Why is it that the intervention of speech rehabilitation is not good?
Interpretation from the perspective of auditory cortical function development:
Cortical decoupling and cross-model recombination at the end of the sensitive phase suggest a hypothesis that the high cortex will become decoupled from the primary auditory cortex. In the study of normal hearing cats, the high cortex–The cortical auditory pathway and the secondary auditory cortex project back into the primary auditory subcortical layer and then back to the subcortical auditory region. However, in those congenital civet cats that were implanted beyond the sensitive phase, studies revealed granules in the auditory cortex. There is no auditory activity in the lower layer, which results in functional decoupling of the primary and secondary auditory cortex, as well as the auditory cortex and the subcortical auditory region due to the lack of auditory activity in the subgranular layer. Prompting the role and role of the secondary auditory cortex in the processing and integration of auditory stimuli, which may explain that poor speech and speech rehabilitation in children who are implanted in the cochlea or wearing hearing aids late may be potentially partial or complete. Coupling reasons.
If auditory stimuli are not given in time, functional decoupling occurs between the primary and secondary auditory cortex, and then it is likely that the auditory cortical region will be easily aggregated by other sensory organs. This is known as trans-mode cortical recombination, or when a sensory organ deprivation (such as auditory deprivation) occurs by other non-deprived sensory organs (such as visual or proprioception) to the auditory cortex to perform the process of aggregate organ processing. .
This trans-sensory channel reorganization has been demonstrated in adult rickets and has also been demonstrated in deaf patients including children with cochlear implants or hearing aids, as well as in patients with unilateral hernias.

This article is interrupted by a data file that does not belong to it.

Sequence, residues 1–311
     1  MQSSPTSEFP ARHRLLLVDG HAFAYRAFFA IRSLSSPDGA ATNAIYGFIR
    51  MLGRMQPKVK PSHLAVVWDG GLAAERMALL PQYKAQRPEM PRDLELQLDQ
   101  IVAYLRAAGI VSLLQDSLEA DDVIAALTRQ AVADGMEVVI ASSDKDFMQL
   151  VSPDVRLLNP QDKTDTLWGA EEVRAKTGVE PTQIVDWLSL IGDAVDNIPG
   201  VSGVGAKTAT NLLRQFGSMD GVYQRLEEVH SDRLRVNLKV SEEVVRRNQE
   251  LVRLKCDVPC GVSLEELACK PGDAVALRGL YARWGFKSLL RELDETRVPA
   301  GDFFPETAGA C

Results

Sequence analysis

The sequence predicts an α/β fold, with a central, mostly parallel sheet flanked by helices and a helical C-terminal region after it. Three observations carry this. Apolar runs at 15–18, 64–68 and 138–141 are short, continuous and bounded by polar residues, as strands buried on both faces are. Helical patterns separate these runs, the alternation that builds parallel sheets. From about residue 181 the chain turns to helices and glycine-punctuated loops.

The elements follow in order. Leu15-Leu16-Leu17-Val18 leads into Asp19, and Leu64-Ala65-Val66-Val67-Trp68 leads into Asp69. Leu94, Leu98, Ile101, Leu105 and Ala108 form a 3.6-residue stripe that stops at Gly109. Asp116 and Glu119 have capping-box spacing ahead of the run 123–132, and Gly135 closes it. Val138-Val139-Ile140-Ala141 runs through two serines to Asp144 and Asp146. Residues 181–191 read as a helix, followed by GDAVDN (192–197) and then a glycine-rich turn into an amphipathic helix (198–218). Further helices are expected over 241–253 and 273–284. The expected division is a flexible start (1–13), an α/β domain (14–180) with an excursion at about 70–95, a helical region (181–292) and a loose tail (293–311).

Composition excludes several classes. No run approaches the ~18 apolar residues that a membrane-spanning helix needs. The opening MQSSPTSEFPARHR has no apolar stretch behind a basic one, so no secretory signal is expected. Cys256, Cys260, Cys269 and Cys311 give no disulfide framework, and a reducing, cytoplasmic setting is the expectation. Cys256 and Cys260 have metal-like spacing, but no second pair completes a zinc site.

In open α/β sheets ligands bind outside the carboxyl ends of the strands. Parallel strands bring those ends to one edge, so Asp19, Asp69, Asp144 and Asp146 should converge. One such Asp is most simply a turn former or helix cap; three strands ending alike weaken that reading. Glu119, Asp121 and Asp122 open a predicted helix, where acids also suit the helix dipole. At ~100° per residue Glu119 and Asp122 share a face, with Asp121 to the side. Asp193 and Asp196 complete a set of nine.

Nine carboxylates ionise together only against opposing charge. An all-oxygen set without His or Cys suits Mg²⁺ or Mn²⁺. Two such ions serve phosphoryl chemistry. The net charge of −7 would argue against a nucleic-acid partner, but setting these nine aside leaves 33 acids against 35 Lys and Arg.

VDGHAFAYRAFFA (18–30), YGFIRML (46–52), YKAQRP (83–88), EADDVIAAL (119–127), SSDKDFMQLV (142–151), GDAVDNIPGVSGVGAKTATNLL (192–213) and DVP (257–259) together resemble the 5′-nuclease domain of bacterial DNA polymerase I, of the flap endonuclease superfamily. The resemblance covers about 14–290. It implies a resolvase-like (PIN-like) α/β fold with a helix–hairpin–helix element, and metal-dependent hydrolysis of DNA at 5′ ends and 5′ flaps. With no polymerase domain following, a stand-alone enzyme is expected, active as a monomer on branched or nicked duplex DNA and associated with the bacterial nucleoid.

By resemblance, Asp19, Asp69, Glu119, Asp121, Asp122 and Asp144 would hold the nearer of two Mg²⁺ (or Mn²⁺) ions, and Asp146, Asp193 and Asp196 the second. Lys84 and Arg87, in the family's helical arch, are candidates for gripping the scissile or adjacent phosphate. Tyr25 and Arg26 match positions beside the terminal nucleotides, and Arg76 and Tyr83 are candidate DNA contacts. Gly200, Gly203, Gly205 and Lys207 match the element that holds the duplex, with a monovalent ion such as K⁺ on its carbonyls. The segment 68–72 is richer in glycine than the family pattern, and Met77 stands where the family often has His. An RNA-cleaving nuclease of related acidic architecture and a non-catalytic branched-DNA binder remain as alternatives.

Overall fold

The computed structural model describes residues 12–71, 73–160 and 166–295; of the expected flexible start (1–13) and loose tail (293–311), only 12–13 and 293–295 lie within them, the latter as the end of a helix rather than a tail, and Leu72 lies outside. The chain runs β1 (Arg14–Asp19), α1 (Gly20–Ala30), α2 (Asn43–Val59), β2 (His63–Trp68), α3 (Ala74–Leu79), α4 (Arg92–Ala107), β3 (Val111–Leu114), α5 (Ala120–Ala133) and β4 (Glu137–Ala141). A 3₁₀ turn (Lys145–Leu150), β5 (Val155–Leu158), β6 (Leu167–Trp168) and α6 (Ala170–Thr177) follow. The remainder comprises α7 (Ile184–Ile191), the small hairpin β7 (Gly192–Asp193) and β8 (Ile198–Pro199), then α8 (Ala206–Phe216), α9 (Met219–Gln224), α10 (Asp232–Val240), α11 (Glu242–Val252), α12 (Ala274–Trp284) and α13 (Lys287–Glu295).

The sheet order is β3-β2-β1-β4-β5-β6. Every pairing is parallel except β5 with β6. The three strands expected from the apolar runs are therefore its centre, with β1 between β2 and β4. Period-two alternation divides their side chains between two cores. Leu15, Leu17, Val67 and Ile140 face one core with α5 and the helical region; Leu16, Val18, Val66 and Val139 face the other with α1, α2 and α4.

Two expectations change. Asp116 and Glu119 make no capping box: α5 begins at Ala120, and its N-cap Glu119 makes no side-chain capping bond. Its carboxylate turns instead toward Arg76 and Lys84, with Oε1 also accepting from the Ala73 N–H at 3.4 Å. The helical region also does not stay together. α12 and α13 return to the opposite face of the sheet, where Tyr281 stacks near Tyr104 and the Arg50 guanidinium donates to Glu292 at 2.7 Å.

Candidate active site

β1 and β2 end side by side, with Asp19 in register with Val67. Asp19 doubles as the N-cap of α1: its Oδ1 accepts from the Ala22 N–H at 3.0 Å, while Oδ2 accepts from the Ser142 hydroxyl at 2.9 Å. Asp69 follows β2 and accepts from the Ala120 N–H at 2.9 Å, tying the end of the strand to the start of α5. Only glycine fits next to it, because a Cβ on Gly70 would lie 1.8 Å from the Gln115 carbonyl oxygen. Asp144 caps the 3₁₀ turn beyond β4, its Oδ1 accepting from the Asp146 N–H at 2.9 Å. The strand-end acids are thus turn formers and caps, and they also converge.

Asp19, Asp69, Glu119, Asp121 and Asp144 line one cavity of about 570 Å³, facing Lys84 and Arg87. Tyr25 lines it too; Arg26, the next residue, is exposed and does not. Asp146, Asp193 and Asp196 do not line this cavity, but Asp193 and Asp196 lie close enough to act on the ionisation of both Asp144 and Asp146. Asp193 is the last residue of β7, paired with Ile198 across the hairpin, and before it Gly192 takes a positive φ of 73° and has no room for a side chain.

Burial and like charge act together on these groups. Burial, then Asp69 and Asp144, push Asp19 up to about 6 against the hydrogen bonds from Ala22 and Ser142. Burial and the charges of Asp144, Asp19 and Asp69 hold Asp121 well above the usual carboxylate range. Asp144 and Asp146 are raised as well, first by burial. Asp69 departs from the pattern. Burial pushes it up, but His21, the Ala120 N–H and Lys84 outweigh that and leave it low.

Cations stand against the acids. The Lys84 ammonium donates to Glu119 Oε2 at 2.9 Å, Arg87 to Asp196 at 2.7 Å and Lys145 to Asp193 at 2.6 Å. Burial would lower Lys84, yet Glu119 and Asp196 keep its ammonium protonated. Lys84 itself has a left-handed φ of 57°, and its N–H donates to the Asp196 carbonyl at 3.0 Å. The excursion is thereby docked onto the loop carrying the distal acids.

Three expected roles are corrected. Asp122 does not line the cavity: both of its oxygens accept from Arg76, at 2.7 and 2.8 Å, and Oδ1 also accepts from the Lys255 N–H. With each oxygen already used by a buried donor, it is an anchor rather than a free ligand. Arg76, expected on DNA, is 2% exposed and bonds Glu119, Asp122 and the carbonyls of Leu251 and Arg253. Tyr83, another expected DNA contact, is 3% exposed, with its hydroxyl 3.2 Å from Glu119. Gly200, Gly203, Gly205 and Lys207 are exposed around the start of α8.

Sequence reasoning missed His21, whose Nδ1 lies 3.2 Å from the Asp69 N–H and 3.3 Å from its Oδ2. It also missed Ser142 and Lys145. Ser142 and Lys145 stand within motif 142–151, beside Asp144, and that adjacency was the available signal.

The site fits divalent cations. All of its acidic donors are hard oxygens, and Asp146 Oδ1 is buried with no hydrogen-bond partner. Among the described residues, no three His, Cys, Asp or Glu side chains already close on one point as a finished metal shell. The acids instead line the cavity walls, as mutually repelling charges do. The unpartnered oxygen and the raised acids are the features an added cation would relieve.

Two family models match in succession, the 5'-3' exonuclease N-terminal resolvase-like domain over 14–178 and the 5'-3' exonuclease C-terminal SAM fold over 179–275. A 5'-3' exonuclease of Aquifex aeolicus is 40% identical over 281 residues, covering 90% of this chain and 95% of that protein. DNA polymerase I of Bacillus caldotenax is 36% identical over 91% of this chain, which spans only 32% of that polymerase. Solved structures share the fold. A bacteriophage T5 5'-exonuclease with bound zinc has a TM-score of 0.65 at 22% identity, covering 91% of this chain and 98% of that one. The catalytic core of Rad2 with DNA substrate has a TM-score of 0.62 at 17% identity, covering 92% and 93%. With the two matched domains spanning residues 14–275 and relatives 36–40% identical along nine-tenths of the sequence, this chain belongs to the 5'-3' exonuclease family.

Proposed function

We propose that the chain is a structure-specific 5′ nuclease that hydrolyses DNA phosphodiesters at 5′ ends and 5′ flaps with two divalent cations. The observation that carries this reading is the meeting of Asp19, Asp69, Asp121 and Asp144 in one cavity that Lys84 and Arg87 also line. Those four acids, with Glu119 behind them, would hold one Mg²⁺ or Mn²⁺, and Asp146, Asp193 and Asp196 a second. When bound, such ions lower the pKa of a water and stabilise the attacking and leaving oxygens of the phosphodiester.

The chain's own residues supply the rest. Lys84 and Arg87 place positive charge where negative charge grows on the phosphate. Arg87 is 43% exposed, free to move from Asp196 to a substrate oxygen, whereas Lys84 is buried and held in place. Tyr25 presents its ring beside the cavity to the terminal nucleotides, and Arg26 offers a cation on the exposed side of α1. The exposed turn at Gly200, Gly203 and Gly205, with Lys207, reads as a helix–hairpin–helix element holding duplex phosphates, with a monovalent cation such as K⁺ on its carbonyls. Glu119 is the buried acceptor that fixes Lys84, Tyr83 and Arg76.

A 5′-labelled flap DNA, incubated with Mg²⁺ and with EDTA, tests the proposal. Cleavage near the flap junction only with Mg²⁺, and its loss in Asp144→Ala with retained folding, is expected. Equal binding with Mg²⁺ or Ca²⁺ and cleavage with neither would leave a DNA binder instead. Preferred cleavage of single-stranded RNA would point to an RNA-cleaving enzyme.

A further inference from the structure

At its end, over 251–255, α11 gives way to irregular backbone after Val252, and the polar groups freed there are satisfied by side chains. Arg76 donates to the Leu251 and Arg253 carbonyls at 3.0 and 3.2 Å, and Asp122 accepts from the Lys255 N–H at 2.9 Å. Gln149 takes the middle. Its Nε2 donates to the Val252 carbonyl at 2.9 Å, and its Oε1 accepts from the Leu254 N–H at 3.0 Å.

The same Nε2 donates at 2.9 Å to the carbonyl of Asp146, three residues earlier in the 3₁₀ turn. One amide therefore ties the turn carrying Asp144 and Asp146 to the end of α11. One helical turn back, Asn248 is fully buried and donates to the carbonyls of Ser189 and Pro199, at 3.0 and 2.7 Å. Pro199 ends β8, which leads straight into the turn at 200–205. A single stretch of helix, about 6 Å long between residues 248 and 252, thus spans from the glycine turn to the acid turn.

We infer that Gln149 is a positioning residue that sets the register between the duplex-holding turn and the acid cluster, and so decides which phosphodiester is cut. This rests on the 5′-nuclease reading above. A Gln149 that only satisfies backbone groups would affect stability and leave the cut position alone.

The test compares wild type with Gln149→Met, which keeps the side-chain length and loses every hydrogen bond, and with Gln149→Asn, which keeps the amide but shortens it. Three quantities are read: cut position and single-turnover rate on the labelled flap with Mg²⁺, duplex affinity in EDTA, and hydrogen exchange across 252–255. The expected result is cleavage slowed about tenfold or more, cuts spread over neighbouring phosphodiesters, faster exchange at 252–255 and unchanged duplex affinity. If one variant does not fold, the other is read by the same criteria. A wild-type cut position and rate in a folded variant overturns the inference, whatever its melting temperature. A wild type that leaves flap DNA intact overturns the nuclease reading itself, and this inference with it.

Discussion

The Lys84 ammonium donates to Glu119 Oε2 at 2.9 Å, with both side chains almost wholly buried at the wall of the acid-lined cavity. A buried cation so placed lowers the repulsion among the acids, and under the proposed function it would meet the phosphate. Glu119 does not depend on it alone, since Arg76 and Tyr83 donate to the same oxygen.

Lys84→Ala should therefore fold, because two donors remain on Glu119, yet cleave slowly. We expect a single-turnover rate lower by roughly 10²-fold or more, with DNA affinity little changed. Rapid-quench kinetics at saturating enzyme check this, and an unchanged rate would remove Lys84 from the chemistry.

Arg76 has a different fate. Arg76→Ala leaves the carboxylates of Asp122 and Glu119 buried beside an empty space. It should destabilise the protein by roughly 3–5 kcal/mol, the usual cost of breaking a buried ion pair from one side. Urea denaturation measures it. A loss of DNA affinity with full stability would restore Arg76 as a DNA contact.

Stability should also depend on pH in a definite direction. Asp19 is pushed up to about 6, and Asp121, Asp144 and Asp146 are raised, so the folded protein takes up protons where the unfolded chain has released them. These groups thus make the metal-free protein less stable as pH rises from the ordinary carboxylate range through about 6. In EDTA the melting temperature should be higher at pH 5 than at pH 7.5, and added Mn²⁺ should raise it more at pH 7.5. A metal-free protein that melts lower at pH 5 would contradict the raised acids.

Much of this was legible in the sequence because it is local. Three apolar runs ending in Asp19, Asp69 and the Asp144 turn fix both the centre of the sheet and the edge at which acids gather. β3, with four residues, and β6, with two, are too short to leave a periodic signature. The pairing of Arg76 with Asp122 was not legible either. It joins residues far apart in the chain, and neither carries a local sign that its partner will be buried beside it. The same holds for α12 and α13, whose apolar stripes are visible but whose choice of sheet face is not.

About cross-sensory channel reorganization:
Hearing aid/Cochlear implants are only responsible for hearing the child and are not responsible for understanding. In other words, when all the sound signals are transmitted to the auditory cortical center through the auditory nervous system, how will the brain recognize?
Regardless of how well your hearing aids or cochlear implants are tuned, these sound waves (current pulses) are meaningless until they are recognized by the brain’s auditory cortex and become readable sounds, words or music. This is why the child can hear the sound of drumming and clapping after the baby is turned on, but the reason why you call his name behind him is indifferent.
We must know that our brain has a lot of room to grow and change. That is to say, the effect of a child implanting a cochlear implant or wearing a hearing aid is largely determined by the plasticity of the brain. It is precisely because of this that we recommend that children early detection, early intervention, early treatment, in order to recover early. Because the younger the child, the more flexible the brain has.
There is also a saying about the brain called trans-sensory channel reorganization.
Simply put, what we are doing can shape the brain. If the child hears more and more things, his hearing center will be more developed; on the contrary, if the child experiences a long period of hearing loss and instead relies on visual communication, then the part of the auditory center responsible for hearing will be deprived He used or completely lost, for example, was taken to develop vision, so many children who lost their hearing are very good at drawing and have strong observation.
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